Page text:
Friday, January 7, 2011

Music video: DJ Tripp "Run This Firefly" (Jay-Z / Owl City mashup)

Jay-Z VS Owl City "Run This Firefly" (DJ Tripp Mash) from DJ Tripp on Vimeo.

NSFW for language, probable mild homophobia.1

I'm not particularly impressed with the Jay-Z lyrics, and actually the video doesn't do that much for me either (not enough Rhianna, too much Jay-Z -- though I'm oddly impressed with the "passports" / "ask for" rhyme), but I really love the way this all works together musically, and have been playing it over and over and getting it stuck in my head and all that. So I bring it to your attention. Respond in whatever way feels appropriate.

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1 I know, I know. But it's only two words in a five-minute song, and the words are, in context, sort of ambiguous. Or at least I'm sufficiently unfamiliar with Jay-Z to know how to interpret them. Odds are it's bad, but the rest of the mashup is so damned catchy that I kind of don't care. Shame me if you feel you must.


4 comments:

Greensparrow said...

I like the combination of Rhianna and Firefly song... could do without ANY of the Jay-Z.
And, just because I'm the sort of person who doesn't listen to hip-hop but loves reading long winded intellectual analysis of cultural trends, I give you this: http://www.slate.com/id/2224348
all about the meaning of "no homo" and whether it is homophobic, or actually indicates a move towards greater acceptance of homosexuality in hip-hop culture. (A matter of great import to me... That I can't get married pales in comparison with the fact that some rappers are not okay with my sexual proclivities.)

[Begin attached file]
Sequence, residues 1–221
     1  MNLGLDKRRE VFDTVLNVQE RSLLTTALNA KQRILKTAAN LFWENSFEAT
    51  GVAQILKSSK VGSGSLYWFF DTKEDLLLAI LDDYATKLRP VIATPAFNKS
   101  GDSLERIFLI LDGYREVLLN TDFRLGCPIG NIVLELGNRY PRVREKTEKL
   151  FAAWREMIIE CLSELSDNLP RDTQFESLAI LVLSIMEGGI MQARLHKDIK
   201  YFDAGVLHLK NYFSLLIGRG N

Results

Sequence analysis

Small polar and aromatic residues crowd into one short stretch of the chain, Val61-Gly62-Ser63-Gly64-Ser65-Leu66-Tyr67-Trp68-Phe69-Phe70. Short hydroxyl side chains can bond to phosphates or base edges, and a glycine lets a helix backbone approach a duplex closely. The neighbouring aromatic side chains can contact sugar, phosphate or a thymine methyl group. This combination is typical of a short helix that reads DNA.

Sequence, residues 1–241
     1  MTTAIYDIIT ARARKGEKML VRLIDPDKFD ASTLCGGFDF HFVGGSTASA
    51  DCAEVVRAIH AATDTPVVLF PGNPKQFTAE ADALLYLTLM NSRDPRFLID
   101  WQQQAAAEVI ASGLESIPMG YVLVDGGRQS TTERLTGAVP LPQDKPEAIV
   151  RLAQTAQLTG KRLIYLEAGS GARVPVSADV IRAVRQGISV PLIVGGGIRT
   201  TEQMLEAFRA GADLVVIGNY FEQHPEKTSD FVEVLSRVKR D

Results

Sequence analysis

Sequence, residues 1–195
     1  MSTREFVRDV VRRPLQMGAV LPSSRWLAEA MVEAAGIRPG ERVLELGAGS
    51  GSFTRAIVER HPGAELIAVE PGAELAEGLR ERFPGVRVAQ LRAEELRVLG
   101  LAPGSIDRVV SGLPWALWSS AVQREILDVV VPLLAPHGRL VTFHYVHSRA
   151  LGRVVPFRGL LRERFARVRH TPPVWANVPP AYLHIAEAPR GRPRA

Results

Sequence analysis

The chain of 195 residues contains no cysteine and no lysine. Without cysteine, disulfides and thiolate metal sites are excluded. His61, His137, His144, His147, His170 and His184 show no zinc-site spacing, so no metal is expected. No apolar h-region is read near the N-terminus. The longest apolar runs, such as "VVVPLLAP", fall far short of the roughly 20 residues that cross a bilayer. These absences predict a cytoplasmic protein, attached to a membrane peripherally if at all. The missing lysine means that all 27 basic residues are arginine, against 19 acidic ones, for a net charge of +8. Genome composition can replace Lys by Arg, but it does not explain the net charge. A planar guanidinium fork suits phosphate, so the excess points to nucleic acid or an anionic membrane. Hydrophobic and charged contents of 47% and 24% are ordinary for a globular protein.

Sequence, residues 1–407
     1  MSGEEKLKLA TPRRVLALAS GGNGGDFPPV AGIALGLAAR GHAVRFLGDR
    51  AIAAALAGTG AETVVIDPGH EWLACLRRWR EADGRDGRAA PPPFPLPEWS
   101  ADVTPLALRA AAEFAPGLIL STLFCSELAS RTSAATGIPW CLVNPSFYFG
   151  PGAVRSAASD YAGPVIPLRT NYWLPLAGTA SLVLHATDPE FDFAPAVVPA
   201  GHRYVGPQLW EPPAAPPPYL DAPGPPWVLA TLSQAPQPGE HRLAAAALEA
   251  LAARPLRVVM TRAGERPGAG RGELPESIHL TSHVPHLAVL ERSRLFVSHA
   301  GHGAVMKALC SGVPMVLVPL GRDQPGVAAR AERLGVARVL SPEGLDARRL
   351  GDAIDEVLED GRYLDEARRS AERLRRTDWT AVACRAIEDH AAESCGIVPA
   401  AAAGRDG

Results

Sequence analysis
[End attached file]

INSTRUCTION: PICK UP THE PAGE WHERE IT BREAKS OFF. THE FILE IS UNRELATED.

mr_subjunctive said...

Well, I don't object to the Jay-Z musically, and in fact kinda like it: the weird, jerky beeps and boops from Owl City work well with the weird, jerky rapping from Jay Z, as far as I'm concerned. I just wish he had more interesting things to say.

I'm also not the target audience for whatever he's trying to say, though,[1] so, you know, whatever. It's fine.

And that "no homo" article was interesting. It may not matter to you directly what attitude rappers take toward gay people, but they're still broadly influential on the culture. If the attitude of the rap world is changing, then the attitude of the fans will be as well.[2] And that might well affect whether and when you can marry.

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[1] I saw a quote from I think Ice-T one time where he was commenting on white people who had a problem with rap lyrics (don't remember what specifically), which was to the effect of, The reason you don't understand it is because we're not actually trying to communicate with you; rap is about how we communicate with one another. You're eavesdropping, so of course it's not going to make sense to y'all. Which struck me as sensible.
[2] Though it's possible that the fans are leading the entertainers on this one; public opinion has changed a lot in the last few years.

Tom said...

I concur with greensparrow on the Jay-zness. I don't know why but I love that you posted this.

Zeï said...

Hm. I love the Owl City album. This mix doesn't appeal to my ears at all, probably because I am terribly biased both by the artist and the musical style involved, and my ears a just computing noise that impede smooth listening of the usual Firefly song.